# Classification Trees: CART vs. CHAID

When it comes to classification trees, there are three major algorithms used in practice. CART (“Classification and Regression Trees”), C4.5, and CHAID.

All three algorithms create classification rules by constructing a tree-like structure of the data. However, they are different in a few important ways.

The main difference is in the tree construction process. In order to avoid over-fitting the data, all methods try to limit the size of the resulting tree. CHAID (and variants of CHAID) achieve this by using a statistical stopping rule that discontinuous tree growth. In contrast, both CART and C4.5 first grow the full tree and then prune it back. The tree pruning is done by examining the performance of the tree on a holdout dataset, and comparing it to the performance on the training set. The tree is pruned until the performance is similar on both datasets (thereby indicating that there is no over-fitting of the training set). This highlights another difference between the methods: CHAID and C4.5 use a single dataset to arrive at the final tree, whereas CART uses a training set to build the tree and a holdout set to prune it.

A difference between CART and the other two is that the CART splitting rule allows only binary splits (e.g., “if Income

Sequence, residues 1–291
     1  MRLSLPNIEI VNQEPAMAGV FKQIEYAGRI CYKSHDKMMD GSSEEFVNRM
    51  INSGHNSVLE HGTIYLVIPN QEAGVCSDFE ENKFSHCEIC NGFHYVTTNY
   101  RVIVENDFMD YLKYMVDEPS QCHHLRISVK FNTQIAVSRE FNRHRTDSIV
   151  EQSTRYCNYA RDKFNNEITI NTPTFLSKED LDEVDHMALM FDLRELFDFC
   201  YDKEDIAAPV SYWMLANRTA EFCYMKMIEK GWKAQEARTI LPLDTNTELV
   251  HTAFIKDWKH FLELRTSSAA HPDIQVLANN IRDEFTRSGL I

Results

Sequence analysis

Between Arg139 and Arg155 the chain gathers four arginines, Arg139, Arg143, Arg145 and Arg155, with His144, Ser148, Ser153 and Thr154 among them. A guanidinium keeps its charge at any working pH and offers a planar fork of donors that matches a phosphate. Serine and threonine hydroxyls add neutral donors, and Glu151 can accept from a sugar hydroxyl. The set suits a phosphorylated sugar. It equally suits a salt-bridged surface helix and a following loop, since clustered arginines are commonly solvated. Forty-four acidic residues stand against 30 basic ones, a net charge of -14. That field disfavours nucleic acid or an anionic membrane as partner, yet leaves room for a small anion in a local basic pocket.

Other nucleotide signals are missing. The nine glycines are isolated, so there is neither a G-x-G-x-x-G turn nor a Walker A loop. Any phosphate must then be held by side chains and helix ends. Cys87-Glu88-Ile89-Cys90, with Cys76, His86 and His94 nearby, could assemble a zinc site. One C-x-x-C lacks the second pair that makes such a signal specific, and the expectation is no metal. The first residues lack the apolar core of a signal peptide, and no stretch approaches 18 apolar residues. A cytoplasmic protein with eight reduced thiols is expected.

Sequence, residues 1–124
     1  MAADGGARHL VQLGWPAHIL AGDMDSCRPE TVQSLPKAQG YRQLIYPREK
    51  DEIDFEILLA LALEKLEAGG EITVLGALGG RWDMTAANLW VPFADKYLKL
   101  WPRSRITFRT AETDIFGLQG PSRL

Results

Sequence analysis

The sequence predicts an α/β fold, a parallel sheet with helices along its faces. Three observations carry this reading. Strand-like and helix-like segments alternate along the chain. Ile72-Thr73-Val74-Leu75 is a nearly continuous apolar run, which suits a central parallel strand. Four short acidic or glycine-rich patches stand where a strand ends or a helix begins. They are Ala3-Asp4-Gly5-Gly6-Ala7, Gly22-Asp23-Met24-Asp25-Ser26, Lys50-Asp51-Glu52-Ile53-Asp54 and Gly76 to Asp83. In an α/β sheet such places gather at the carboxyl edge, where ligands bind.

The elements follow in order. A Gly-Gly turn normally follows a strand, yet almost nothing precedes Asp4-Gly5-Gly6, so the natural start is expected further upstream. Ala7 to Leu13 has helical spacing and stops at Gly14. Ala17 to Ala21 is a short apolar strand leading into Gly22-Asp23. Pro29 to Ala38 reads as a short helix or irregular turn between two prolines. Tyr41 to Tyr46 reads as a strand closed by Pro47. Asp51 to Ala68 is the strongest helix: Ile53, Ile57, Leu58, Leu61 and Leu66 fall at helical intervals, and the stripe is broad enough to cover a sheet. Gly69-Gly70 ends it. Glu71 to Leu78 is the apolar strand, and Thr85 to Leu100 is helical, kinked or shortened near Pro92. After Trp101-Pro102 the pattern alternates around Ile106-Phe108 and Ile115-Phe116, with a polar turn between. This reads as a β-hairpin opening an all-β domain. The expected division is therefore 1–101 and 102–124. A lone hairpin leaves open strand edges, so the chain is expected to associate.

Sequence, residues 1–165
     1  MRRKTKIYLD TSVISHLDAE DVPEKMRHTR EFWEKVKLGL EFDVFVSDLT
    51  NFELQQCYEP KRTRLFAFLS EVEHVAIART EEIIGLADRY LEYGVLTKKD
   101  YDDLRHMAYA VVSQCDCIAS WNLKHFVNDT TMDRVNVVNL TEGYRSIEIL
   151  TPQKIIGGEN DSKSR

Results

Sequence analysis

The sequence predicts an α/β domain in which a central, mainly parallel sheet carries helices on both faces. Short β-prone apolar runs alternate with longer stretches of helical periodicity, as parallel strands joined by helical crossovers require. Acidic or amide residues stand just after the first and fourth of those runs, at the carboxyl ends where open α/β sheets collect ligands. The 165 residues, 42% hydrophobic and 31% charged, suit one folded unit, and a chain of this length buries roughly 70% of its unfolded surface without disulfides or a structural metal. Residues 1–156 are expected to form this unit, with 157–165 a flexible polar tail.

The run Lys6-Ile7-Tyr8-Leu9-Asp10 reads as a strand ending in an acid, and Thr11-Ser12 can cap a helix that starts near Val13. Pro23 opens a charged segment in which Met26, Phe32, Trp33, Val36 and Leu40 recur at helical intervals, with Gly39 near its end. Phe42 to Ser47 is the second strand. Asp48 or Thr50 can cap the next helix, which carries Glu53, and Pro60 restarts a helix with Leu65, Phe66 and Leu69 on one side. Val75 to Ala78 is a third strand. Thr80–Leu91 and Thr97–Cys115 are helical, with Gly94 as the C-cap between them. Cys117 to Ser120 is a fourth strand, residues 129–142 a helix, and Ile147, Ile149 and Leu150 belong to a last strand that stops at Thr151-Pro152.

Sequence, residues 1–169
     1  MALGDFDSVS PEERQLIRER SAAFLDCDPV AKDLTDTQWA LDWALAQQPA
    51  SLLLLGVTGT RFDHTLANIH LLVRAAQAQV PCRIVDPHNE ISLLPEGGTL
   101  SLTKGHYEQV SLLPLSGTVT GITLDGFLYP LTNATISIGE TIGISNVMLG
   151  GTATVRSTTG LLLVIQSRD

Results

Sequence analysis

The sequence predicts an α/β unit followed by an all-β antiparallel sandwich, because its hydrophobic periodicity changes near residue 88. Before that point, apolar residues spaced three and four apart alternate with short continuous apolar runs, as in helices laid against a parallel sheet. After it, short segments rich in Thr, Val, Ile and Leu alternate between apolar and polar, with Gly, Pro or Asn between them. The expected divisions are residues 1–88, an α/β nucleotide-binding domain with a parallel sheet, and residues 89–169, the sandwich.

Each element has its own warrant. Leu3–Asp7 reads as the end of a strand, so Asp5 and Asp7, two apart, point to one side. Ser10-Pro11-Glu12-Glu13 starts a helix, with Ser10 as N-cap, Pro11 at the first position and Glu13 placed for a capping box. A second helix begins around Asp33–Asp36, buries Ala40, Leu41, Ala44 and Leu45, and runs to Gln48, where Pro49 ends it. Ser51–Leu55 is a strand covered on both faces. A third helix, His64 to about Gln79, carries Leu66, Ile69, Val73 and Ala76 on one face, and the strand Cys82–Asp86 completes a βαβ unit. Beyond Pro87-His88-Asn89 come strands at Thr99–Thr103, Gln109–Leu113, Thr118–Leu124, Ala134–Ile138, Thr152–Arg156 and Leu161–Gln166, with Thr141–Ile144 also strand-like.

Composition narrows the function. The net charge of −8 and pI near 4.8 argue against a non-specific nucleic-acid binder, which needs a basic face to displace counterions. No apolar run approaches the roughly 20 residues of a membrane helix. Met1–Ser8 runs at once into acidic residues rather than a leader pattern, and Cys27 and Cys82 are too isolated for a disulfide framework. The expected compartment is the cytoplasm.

## 3 thoughts on “Classification Trees: CART vs. CHAID”

1. A comment on the difference between CART and CHAID splitting criteria: At least for the case of binary splitting, if you do little algebra you may discover that the increase in homogeneity after splitting data into two child nodes as measured by GINI index is basically proportional to the chi-square statistic for independence on that split. In the light of this, I think the methodological distinction between the former as more useful for the task of “prediction” and the latter for “explanation” appear somewhat superficial

2. I need some help. CART is more useful in prediction while CHAID is more useful in analysis. Is there any possibility that the results of the two tool will meet half way around?
is it possible for the two to have results for both analysis and prediction? please elaborate.

3. Fellah – there are two issues here. The general issue is whether there is a single solution that provides best predictive power and strongest explanatory power. I believe the answer is no. You need to prioritize whether the main goal is predictive, but you want some explanatory power as second-level goal, or the other way around. This is true for any predictive model vs. explanatory model.

With respect to CART and CHAID, I suppose that in some cases you will get similar trees (if the signal is very strong). You can use the commonalities to infer about robustness (single trees are known to suffer from robustness). I am not aware of research on the differences between CART and CHAID along these lines (only along lines of predictive power).